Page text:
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Stalking the Hunter: Anti-submarine warfare and the SEA 5000 Frigates

bae systems sea   design
Ultra Electronics will be providing two of the three key ASW technologies for Navy's new Hunter class Frigates (Source BAE Systems)

With the announcement that BAE will provide the Navy with nine, highly-advanced, anti-submarine warfare (ASW) Hunter Class frigates, Defence Connect spoke with Ultra Electronics, a key ASW systems supplier poised to support BAE in delivering the nation’s next-generation ASW frigates and the capabilities needed to succeed.

With the announcement that BAE will provide the Navy with nine, highly-advanced, anti-submarine warfare (ASW) Hunter Class frigates, Defence Connect spoke with Ultra Electronics, a key ASW systems supplier poised to support BAE in delivering the nation’s next-generation ASW frigates and the capabilities needed to succeed.

With half of the world's submarines expected to be operating in the Indo-Pacific in the next two decades, Australia's need for a highly capable, survivable ASW frigate is paramount to ensuring that the Navy can adequately protect the nation and the key sea lines of communication (SLOC) in the event of hostility. Enter BAE's Hunter Class frigate. Based on the Type 26 Global Combat Ship, the vessel will form the backbone of the nation's surface combat capability out until the 2040s.

ASW is a branch of underwater warfare that uses surface warships, aircraft and/or allied submarines to find, track and deter, damage, or destroy enemy submarines. Successful ASW depends on a mix of sensor and weapon technology, training and experience.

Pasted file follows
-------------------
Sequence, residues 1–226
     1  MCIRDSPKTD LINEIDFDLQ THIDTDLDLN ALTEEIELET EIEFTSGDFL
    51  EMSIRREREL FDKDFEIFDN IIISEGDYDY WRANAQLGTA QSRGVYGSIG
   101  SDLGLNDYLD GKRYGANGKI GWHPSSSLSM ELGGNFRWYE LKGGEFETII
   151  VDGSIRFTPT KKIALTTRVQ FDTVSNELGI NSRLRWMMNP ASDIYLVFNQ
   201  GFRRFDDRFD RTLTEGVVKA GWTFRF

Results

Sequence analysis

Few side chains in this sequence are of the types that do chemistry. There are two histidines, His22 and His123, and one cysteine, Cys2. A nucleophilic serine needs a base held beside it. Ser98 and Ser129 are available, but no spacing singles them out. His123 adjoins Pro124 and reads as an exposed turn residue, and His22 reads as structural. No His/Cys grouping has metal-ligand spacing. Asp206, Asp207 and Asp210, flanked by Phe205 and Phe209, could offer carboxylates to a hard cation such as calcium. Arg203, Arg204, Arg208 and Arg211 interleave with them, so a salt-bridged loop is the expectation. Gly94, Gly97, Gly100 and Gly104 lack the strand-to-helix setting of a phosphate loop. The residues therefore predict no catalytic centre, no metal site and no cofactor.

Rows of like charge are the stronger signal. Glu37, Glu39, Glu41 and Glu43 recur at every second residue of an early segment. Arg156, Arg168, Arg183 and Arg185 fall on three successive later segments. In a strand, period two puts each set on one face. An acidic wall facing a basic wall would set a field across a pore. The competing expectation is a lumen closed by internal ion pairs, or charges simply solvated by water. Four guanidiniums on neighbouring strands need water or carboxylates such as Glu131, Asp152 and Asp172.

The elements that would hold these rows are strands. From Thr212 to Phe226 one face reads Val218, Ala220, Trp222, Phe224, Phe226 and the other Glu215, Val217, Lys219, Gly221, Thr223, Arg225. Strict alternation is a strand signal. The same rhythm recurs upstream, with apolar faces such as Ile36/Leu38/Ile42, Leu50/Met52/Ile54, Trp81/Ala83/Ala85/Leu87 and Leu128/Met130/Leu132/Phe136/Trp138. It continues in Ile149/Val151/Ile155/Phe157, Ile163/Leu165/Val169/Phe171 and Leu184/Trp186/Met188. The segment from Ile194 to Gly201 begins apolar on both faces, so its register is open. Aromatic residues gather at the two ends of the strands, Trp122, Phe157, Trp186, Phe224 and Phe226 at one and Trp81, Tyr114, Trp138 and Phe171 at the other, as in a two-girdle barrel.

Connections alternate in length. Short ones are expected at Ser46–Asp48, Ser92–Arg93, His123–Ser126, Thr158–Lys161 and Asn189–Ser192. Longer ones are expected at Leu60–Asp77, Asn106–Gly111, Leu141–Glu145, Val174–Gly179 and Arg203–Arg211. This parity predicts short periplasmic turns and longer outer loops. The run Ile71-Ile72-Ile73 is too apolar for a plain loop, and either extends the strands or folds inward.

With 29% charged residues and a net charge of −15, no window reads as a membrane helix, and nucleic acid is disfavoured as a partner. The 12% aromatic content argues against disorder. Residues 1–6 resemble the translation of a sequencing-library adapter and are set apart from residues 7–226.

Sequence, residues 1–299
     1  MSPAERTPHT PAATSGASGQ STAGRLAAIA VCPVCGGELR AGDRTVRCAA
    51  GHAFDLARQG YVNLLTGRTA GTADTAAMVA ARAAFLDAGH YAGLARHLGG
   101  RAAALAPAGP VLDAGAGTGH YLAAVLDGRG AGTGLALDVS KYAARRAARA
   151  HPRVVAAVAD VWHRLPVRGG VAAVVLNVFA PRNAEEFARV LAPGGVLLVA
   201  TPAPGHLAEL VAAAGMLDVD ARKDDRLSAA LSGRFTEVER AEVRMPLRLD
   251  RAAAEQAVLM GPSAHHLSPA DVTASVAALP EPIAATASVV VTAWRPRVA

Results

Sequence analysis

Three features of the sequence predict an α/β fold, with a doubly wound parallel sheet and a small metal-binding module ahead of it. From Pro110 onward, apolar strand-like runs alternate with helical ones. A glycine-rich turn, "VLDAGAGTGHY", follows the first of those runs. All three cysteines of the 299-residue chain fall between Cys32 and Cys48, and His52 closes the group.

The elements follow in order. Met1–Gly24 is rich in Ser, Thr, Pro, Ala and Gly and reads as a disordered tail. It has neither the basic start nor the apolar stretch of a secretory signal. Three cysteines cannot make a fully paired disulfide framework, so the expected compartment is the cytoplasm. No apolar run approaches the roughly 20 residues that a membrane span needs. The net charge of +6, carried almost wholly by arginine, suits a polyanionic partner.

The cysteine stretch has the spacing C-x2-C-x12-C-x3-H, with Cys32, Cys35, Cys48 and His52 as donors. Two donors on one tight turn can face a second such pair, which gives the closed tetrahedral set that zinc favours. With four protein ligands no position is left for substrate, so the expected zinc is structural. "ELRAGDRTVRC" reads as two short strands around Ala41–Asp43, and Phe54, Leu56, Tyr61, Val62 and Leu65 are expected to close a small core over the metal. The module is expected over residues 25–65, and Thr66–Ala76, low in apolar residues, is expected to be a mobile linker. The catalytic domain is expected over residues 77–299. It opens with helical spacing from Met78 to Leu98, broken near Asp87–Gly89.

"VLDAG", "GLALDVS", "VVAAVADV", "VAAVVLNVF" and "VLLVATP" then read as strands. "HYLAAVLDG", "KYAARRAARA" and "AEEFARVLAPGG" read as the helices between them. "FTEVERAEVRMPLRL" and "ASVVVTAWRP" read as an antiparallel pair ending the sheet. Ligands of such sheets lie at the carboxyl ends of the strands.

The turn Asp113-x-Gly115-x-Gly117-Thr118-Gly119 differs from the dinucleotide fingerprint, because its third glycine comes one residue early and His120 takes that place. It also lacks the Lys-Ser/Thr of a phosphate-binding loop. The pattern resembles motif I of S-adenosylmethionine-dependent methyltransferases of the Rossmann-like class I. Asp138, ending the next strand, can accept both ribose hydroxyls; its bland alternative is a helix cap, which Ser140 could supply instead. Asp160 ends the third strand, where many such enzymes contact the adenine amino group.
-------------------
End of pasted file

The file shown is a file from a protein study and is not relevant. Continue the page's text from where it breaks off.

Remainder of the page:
The Hunter Class will have the capability to conduct a variety of missions independently, or as part of a task group, with sufficient range and endurance to operate effectively throughout the region, according to Prime Minister Malcolm Turnbull.

When announcing the next-generation frigates, the Prime Minister said that the ships would provide the Australian Defence Force with “the highest levels of lethality and deterrence our major surface combatants need in periods of global uncertainty".

Broadly speaking, the ships will include the incorporation of the leading-edge Australian-developed CEA phased array radar and the US Navy’s powerful Aegis combat management system. With an Australian interface developed by Saab Australia, the Hunter Class will be one of the most capable multi-role warships in the world.

While Aegis is a formidable combat management system, it is the ASW suite that will ensure that the new Hunter Class vessels can operate effectively individually, in a task group protection role or in broader conjunction with allied forces. This is where Ultra Electronics and its ASW systems come into play to provide the Hunter with the tools necessary to stalk the traditional hunter of the surface ships on the high seas, submarines.

Ultra Electronics regional director, Australia and New Zealand, Bernard Mills said, "Ultra will provide two of the three main ASW elements on the vessels. The first is the S2150 Hull Mounted Sonar, which is a very high-performance system that has also taken big steps forward in design for efficient through-life maintenance and optimised on-board footprint. The second is the S2170 Surface Ship Torpedo Defence system, in service with the Royal Navy and currently being delivered to New Zealand. These sit with Thales’ S2087 Variable Depth Sonar to form the Future Frigate’s core ASW systems."